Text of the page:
An Academics’ Round Table? Voices of Sanity and Dissent

The biggest news story about education in the UK this week concerned a letter from over 100 academics that was published in The Independent newspaper on Wednesday. It was unfortunate that it appeared in print just before the UK was struck by the annual Budget tsunami and a tidal wave of political reporting and comment, but it deserves the widest possible readership.

The academics, all of whom are either professors of education or teach in university education departments, are to be congratulated for coming together as a body of enlightened opinion, in much the same way as the Headteachers’ Round Table was created a short while ago, and for daring to deliver a strong attack on the educational policies of our current government.

“We are writing to warn of the dangers posed by Michael Gove’s new National Curriculum which could severely erode educational standards. The proposed curriculum consists of endless lists of spellings, facts and rules. This mountain of data will not develop children’s ability to think, including problem-solving, critical understanding and creativity.

Much of it demands too much too young. This will put pressure on teachers to rely on rote learning without understanding. Inappropriate demands will lead to failure and demoralisation. The learner is largely ignored. Little account is taken of children’s potential interests and capacities, or that young children need to relate abstract ideas to their experience, lives and activity.

The new curriculum is extremely narrow. The mountains of detail for English, maths and science leave little space for other learning. Speaking and listening, drama and modern media have almost disappeared from English.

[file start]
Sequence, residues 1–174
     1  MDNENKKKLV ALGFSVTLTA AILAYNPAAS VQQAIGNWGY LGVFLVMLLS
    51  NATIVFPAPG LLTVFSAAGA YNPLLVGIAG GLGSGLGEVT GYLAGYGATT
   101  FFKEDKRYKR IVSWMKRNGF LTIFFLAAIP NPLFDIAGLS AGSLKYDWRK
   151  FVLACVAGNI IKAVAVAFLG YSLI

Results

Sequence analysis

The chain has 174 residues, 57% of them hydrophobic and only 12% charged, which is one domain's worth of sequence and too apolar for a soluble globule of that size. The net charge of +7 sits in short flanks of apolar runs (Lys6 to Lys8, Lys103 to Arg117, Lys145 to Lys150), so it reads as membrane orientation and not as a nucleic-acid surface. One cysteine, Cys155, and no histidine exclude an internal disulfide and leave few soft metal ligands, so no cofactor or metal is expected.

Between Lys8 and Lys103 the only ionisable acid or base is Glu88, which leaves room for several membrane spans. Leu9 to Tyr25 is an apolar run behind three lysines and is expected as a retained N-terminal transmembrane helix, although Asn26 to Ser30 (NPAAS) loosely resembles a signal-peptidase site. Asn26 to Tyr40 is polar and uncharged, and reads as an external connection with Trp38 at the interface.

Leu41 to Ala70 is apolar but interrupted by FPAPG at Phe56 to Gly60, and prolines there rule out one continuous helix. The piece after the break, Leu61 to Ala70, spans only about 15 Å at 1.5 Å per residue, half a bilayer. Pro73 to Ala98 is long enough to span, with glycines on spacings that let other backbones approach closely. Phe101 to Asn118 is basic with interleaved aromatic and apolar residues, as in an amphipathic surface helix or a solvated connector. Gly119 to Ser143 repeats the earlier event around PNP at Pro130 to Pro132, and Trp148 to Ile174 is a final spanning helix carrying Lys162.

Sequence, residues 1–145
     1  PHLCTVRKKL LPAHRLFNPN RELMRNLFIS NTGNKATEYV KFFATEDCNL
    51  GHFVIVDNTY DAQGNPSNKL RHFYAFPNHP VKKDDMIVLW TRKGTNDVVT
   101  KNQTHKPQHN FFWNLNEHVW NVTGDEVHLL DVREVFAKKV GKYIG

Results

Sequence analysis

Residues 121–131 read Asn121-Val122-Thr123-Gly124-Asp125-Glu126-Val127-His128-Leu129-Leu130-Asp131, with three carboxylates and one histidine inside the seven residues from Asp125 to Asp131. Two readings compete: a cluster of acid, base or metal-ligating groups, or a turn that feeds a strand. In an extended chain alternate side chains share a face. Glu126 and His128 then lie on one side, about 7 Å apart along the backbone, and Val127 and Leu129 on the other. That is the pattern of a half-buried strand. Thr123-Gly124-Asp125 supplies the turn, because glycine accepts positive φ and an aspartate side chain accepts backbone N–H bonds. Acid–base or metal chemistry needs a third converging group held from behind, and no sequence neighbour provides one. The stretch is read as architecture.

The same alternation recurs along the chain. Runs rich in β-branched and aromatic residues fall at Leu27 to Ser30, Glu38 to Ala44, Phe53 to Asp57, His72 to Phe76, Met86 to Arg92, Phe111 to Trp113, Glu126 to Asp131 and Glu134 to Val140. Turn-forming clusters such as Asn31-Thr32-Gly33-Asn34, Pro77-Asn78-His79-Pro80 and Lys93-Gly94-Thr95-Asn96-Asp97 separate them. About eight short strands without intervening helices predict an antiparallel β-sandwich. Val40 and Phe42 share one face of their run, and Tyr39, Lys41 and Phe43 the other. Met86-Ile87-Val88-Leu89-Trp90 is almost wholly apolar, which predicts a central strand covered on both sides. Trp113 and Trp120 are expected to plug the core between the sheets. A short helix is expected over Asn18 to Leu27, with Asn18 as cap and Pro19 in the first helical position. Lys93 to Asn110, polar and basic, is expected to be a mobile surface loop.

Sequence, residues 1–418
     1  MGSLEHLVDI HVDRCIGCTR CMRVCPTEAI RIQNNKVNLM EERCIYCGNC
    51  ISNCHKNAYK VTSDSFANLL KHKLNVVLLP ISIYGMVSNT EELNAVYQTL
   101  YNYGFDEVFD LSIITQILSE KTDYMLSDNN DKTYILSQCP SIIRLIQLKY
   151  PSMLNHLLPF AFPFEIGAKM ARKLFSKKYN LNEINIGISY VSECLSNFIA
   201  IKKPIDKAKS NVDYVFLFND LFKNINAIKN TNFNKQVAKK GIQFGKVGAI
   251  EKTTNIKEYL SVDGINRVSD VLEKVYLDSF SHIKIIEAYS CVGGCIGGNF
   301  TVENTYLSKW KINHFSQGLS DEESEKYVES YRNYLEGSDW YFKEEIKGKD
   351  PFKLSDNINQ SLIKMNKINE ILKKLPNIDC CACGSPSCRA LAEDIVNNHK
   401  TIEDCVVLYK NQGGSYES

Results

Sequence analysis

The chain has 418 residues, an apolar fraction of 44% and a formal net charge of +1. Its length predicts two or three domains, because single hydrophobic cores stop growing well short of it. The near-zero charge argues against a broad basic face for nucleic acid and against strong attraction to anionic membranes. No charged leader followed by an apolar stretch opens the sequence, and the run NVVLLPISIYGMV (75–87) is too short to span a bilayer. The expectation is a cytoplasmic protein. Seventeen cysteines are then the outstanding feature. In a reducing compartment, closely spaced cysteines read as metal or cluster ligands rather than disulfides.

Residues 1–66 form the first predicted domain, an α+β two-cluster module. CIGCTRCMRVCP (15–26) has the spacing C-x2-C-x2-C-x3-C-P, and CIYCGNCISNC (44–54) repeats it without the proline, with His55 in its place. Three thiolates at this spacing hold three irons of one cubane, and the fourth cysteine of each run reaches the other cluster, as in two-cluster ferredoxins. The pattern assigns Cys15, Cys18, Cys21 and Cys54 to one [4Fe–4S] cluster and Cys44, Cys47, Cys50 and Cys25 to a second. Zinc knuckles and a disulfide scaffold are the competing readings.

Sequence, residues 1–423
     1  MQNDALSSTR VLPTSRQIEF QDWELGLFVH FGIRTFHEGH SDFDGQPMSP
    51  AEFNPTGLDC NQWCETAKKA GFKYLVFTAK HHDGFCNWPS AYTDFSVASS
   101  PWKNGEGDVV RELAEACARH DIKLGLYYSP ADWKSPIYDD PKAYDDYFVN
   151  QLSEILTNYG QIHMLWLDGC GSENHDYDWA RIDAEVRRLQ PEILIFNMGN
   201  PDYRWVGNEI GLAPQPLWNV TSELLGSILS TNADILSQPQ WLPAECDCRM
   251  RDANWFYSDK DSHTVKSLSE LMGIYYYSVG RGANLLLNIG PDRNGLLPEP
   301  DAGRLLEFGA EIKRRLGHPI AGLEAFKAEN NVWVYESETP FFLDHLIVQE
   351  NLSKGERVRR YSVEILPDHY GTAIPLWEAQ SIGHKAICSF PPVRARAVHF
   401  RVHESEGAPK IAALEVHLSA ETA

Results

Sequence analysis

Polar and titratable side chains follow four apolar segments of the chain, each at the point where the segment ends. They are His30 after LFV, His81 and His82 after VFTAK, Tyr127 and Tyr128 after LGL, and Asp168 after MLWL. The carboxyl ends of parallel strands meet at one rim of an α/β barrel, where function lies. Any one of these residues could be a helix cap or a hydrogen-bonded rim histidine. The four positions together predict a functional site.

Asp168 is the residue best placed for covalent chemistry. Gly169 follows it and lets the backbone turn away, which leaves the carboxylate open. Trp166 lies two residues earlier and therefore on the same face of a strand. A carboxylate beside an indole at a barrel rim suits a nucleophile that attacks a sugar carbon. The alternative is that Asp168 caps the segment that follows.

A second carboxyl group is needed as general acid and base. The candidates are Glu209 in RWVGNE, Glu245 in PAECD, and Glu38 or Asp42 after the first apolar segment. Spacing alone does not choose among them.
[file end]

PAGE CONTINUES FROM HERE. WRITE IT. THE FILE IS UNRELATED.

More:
This curriculum betrays a serious distrust of teachers, in its amount of detailed instructions, and the Education Secretary has repeatedly ignored expert advice. Whatever the intention, the proposed curriculum for England will result in a “dumbing down” of teaching and learning.

And so say many more of us. It’s a pity such strong, coherent and united opinions haven’t been published before now, but better late than never. The letter goes on to say,

Mr Gove has clearly misunderstood England’s decline in Pisa international tests. Schools in high-achieving Finland, Massachusetts and Alberta emphasise cognitive development, critical understanding and creativity, not rote learning.

We urge parents, teachers and other stakeholders to respond to the Government consultation in its few remaining weeks, and demand a fresh start.

The Independent went on to say in a follow-up article:

The academics’ intervention also follows a controversy over changes planned for the history curriculum – where historians and teachers claim the proposals neglect world history in favour of the chronological learning of facts about British history. Sir Richard Evans, Regius Professor of history at Cambridge University, said they would restore “rote learning of the patriotic stocking-fillers so beloved of traditionalists”.


The Cambridge Primary Review comments on its website:

Now we have the draft of the entire curriculum, core and non-core, secondary as well as primary. DfE invites us to submit comments by 16 April 2013. We hope readers will suspend their understandable cynicism about curriculum consultations, study the proposals and tell DfE what they think. Saying nothing will be construed as approval.

The consultation form lists the questions the DfE would like us to answer. You may feel that there are other questions to be asked. For example, why no citizenship at Key Stages 1 and 2? Are drama and dance adequately handled? Does that overused phrase ‘breadth and balance’ have any meaning in this case? Have CPR’s criticisms of the previous draft relating to aims, spoken language and a host of other matters – see this page – been addressed? The questions posed by DfE are certainly pertinent, but don’t be restricted by them.

The Cambridge Primary Review offers no other comment at this stage. We shall do so later. For now we believe that it is more important to encourage the entire professional community to get involved. We owe our children nothing less.